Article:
Nevada gets a second chance.
Californian communities are not likely to figure prominently in the Federal Communication Commission’s list of areas that’ll be eligible for its next round of Connect America Fund 2 broadband subsidies. That’s because the big incumbent carriers – AT&T and Frontier – exercised their right of first refusal in the last round and picked up a total of $590 million over six years in exchange for promising to upgrade most of their substandard California service territories to 10 Mbps download and 1 Mbps upload speeds. Consolidated Communications (formerly SureWest) also accepted the money offered for its small service area near Sacramento.
That means that the next round of CAF-2 money – $215 million a year for 10 years – will mostly go to states turned down last year by the big incumbents. AT&T, for example, declined $22 million for its Nevada service area. The only major incumbent to say no to CAF-2 subsidies in California was CenturyLink, which serves a few dozen homes near the Oregon border in Modoc County.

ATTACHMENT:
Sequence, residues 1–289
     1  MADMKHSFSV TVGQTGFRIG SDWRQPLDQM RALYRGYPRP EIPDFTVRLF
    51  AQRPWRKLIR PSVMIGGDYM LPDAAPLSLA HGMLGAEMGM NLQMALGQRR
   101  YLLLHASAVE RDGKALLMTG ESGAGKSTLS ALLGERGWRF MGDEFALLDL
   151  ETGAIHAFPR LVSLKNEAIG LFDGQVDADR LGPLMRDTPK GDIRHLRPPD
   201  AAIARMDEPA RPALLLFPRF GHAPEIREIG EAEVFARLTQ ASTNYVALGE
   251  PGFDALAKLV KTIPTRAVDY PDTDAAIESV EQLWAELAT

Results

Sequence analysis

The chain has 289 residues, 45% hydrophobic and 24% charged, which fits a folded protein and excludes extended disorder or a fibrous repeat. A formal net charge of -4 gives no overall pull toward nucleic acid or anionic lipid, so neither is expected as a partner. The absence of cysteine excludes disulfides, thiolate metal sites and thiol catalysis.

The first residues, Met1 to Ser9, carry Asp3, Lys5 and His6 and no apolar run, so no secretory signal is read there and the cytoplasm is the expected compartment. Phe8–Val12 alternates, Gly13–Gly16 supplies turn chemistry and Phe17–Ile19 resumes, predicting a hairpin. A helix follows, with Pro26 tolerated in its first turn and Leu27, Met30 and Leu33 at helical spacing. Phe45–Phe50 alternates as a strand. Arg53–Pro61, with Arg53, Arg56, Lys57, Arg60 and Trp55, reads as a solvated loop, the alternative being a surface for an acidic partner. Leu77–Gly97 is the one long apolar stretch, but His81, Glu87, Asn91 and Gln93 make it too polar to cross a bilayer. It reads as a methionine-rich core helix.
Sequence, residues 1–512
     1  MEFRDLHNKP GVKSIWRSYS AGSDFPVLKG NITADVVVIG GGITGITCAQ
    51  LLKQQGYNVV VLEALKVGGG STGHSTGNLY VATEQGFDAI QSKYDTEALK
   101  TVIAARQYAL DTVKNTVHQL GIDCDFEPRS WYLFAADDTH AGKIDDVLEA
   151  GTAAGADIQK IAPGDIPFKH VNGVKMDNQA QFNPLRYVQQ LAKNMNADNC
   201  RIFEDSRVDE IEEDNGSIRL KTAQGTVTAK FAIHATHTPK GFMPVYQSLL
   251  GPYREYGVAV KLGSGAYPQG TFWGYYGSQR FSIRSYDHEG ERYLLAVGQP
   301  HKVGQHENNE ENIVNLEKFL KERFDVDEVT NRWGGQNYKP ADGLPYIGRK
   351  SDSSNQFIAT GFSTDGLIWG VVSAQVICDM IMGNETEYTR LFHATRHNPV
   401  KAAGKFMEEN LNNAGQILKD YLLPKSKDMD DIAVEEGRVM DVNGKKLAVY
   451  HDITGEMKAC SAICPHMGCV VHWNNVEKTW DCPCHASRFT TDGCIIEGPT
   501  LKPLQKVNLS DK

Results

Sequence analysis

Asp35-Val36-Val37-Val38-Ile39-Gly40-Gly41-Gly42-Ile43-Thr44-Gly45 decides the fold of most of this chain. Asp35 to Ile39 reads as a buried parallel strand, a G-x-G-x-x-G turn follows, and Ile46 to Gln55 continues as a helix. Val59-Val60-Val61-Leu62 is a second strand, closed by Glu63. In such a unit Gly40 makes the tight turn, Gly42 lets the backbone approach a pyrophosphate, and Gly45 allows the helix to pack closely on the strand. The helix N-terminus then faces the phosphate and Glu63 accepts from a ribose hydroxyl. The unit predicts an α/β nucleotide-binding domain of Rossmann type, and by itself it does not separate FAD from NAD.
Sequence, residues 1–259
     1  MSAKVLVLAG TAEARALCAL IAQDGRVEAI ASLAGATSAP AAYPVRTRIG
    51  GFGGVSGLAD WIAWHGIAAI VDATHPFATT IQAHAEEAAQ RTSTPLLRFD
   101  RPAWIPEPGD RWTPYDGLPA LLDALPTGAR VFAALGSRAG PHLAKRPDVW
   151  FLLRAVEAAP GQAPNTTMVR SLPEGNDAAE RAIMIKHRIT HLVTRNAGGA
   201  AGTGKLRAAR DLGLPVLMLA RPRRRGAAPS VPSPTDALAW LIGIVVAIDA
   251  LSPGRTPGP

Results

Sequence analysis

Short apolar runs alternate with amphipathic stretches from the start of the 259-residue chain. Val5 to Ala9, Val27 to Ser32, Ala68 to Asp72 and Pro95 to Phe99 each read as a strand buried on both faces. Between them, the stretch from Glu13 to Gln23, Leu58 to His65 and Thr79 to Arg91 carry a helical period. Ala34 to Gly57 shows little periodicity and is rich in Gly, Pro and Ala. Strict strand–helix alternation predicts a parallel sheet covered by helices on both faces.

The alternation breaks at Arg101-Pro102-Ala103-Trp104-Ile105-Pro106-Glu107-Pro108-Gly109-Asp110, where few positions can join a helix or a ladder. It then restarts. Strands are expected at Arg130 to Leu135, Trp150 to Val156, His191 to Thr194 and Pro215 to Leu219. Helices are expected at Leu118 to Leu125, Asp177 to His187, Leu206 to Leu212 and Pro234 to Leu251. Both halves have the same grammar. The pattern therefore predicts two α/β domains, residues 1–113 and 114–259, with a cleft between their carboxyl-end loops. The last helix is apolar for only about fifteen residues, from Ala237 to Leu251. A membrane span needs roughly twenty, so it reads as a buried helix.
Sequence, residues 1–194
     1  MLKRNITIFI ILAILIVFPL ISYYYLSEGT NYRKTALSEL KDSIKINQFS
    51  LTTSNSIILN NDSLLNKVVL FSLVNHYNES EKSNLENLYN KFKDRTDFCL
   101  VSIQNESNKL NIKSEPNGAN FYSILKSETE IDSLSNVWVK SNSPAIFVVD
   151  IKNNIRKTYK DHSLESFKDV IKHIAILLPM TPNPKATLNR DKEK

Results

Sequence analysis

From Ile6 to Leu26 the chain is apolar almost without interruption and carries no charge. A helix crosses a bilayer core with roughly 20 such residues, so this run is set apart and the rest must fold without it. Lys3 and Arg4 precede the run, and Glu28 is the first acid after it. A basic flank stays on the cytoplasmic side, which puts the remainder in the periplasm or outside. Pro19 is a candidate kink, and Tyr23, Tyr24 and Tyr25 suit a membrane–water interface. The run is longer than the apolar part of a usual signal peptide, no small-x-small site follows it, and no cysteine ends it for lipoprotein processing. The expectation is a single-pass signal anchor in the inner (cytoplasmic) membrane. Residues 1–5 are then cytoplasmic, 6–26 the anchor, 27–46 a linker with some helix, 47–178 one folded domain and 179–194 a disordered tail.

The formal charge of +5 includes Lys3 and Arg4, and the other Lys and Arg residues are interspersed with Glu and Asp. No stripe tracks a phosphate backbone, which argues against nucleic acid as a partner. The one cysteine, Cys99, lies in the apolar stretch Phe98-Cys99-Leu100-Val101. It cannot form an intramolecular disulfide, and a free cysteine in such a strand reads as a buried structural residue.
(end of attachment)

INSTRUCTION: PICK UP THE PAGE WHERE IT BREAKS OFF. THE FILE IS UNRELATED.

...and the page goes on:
There should be some areas of California that will be eligible, though. The FCC is re-running its eligibility assessment, based on the latest availability data submitted by carriers. Since there’s some variation over time in those reports, there might be areas identified as not having access to a minimum of 10 Mbps download and 1 Mbps upload speeds that weren’t on the list last year. Some areas that were deemed too expensive last year will be eligible in the new round, on a competitive bidding basis. And there could be census blocks that were trimmed out of last year’s awards, as the incumbents were allowed to do to a limited extent.
Once the list is released, there won’t be much room to challenge it. Incumbents will have a limited ability to fight an unserved designation, but the decision will be final if the FCC says an area is served at 10 Mbps down/1 Mbps up.